Credit Monitoring

Credit monitoring is one of the important components of an effective identity protection plan which involves review of credit transactions to detect fraud. A credit report monitoring can be automated through a third party service provider in exchange for a service fee or consumers can request their free credit reports once a year and review for any suspicious new accounts or noted events such as past due accounts and collection notices.

Although there are other types of identity monitoring practices and services such as medical and credit card monitoring services, most people rightfully focus on credit monitoring on their credit reports to deal with the financial aspect of identity theft. Credit report monitoring is more effective for detecting identity theft and preventing further damage if it is performed diligently, frequently, and as part of a broader identity protection strategy. Credit report monitoring doesn’t prevent identity theft but it is rather a strategy to help detect identity fraud after it has occurred and minimize fraud damage. As mentioned, credit report monitoring must be a component of an effective identity protection plan but credit monitoring alone is not sufficient to prevent identity theft or detect identity misuse in other areas such as medical identity theft or employment identity theft. For example, if someone used your medical insurance information to receive expensive health care with your name, you will not detect this fraud through credit report monitoring until the balance is submitted for collection. In this case, we can only hope that health care providers promptly send you a medical statement which will help you detect the fraud as soon as possible before it hits the credit reports.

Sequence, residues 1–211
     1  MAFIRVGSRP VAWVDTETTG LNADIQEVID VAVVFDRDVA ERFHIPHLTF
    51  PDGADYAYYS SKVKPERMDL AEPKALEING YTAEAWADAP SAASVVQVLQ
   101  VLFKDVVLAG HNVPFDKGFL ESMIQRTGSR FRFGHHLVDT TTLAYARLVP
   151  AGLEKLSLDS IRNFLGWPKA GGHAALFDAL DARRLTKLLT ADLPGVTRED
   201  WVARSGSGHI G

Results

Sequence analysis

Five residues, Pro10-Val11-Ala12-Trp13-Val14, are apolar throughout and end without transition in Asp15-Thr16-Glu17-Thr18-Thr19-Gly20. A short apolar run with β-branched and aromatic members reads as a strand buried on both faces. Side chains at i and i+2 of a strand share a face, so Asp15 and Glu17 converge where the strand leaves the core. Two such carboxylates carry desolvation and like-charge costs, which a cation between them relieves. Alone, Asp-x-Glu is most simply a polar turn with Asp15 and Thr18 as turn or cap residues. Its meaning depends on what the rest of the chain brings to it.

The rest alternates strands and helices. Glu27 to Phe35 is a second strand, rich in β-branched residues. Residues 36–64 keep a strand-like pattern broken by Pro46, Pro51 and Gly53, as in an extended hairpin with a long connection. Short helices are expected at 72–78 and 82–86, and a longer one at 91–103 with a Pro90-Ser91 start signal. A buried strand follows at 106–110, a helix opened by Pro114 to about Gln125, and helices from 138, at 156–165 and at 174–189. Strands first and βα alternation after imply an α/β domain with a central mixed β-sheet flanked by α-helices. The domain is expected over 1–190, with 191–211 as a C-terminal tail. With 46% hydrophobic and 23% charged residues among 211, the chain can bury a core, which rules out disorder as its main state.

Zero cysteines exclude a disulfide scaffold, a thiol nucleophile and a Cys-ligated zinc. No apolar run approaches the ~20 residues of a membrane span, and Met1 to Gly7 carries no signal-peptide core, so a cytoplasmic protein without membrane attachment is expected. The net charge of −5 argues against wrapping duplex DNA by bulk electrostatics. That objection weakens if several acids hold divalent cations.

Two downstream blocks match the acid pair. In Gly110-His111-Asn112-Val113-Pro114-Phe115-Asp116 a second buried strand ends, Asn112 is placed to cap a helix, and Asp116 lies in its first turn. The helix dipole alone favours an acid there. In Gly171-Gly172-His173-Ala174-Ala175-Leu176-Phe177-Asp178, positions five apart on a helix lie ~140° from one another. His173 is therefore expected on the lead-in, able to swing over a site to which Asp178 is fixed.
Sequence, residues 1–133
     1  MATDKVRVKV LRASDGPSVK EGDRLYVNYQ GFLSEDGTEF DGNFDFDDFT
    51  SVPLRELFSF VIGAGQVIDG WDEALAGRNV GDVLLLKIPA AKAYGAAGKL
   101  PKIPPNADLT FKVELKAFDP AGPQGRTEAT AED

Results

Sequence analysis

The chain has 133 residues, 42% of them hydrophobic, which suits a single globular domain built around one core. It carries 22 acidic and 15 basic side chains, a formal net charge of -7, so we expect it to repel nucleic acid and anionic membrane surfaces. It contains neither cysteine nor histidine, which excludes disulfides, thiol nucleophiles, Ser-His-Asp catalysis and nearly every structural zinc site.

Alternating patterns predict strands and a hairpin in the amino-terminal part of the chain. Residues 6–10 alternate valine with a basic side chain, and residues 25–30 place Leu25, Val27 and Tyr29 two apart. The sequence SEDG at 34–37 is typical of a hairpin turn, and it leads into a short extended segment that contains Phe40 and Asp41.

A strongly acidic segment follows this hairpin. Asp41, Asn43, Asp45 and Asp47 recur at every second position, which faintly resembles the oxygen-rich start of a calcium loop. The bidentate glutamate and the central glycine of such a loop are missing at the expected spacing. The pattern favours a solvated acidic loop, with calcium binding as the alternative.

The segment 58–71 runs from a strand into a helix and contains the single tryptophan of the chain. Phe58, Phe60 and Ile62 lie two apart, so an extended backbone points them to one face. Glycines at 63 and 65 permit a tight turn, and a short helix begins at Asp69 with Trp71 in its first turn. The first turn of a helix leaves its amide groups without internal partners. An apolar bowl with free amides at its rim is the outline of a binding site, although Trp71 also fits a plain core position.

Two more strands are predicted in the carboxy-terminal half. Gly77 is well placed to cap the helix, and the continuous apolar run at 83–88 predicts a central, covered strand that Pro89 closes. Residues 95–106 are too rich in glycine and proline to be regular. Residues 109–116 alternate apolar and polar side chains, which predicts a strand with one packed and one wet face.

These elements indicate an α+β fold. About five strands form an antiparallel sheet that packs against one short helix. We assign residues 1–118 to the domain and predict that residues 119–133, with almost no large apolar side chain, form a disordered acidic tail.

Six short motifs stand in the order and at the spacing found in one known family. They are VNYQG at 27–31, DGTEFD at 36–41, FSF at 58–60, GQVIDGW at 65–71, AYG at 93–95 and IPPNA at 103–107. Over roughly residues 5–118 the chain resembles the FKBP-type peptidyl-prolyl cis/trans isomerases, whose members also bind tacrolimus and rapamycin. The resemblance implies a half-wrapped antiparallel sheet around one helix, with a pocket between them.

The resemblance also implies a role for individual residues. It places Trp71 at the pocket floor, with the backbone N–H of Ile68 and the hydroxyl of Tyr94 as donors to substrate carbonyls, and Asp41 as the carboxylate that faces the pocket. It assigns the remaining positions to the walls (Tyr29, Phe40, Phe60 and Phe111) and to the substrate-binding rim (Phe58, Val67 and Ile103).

One of the problems with credit report monitoring aside from the fact that it is an insufficient measure for a total protection against identity theft is that consumers either don’t review their credit reports to look for suspicious activities consistently or don’t review the information properly. Credit report monitoring is a time consuming and challenging task. Most people are not disciplined and trained enough to order and properly review their credit reports annually to detect unauthorized transactions. But even if they managed to review their reports, "what is the best review interval?" some consumers ask. Is an annual review sufficient or should consumers review their reports every week, month or quarter? The minimum review interval is an annual review which most people ignore. Although automated credit report monitoring services are worth the service fees to save time, consumer involvement in the monitoring process is still paramount. Most people think they can just sign up for a credit monitoring service and forget about identity theft, but this is a huge misconception.

If identity fraud detection is part of your overall identity protection plan and it should be, you should obtain and review your free credit reports at least annually.

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